The city contracts between the state, development partners, and decentralized local authorities are a priori effective tools for managing the urban issue, but their effectiveness is too often reduced by the strategic and technical limitations of local actors. The urban development strategy implemented by local administrations very often proves to be either inappropriate or ineffective. It is, therefore, necessary for the state to provide these structures with adequate technical and operational resources so that they can master the challenges of urban growth that are potentially favorable to economic development.
Urban Planning and Development
Population growth and the resulting spatial extension of the city create problems with infrastructure and equipment to supply urban populations with drinking water, electricity, and public transport. These problems require the city’s actors, which are the urban communities, to take urgent and appropriate measures to control urban growth. The city, therefore, requires quality technical and strategic skills and a qualified and adapted workforce in a context of constant change. Thus, recruitment in urban communities must be carried out with rigor.
Furthermore, urban communities should manage cities by making urbanization a development tool. Also, in concert with the other actors in the city – which are mainly the ministries in charge of Urban Planning and Housing, the Economy, Planning and Regional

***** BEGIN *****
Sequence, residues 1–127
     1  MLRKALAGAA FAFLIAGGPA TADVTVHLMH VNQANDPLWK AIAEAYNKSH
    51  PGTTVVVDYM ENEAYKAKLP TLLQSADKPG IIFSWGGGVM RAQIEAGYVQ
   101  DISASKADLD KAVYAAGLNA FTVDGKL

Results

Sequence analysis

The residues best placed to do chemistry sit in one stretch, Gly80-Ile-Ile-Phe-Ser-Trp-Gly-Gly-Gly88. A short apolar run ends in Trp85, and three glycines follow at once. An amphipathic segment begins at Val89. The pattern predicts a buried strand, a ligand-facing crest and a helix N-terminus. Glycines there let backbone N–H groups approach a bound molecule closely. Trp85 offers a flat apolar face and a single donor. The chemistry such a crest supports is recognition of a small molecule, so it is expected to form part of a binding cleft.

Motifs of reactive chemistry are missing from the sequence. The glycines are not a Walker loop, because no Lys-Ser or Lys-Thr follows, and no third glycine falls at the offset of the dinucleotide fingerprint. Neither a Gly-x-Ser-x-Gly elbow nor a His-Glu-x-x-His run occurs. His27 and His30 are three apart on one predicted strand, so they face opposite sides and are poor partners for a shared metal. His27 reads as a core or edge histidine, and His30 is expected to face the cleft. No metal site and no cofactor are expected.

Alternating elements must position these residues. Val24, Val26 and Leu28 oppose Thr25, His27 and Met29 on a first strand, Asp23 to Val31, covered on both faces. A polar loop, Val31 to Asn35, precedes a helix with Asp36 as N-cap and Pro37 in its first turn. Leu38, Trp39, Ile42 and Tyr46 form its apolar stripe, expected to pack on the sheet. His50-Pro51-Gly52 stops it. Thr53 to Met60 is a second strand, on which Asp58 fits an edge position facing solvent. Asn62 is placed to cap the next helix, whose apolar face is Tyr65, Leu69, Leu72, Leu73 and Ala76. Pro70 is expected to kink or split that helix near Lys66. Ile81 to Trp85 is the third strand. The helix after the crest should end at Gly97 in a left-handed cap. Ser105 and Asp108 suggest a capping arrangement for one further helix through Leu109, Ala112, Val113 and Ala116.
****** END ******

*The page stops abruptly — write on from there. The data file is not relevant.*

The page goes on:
Development and their branches, and the other CTDs (regions and communes) – the urban communities must work to build frameworks for consultation and coordination with a view to developing and implementing an effective and efficient urban policy.
According to the 2018 UN-Habitat report on the state of African cities, the massive influx of people to the city would lead to a deterioration of basic social services such as water, electricity, transportation, and garbage collection due to a static and very non-dynamic land-use policy. Consequently, urban communities, in the exercise of their competencies in terms of planning and development of urban areas, must equip themselves with effective planning tools, such as up-to-date statistical data and integrated data management systems, in order to anticipate and control the harmful effects of urbanization.
African cities are also highly vulnerable to flooding and various epidemics such as malaria, cholera, and other waterborne diseases. This vulnerability requires inclusive environmental policies. For good governance of the city, urban communities have the responsibility to actively involve citizens in building sustainable and inclusive cities.
Pr. NGO TONG Chantal Marie is a Research associate in Governance & Democracy at the Nkafu Policy Institute. She holds a Ph.D. in Political Science, obtained from the University of Nantes (France). Pr. NGO TONG is also a Senior Lecturer at the University of Ngaoundéré. She is a reviewer and co-editor of the African Development Perspectives Yearbook and a member of the Research Group on African Development Perspectives, Bremen since 2019.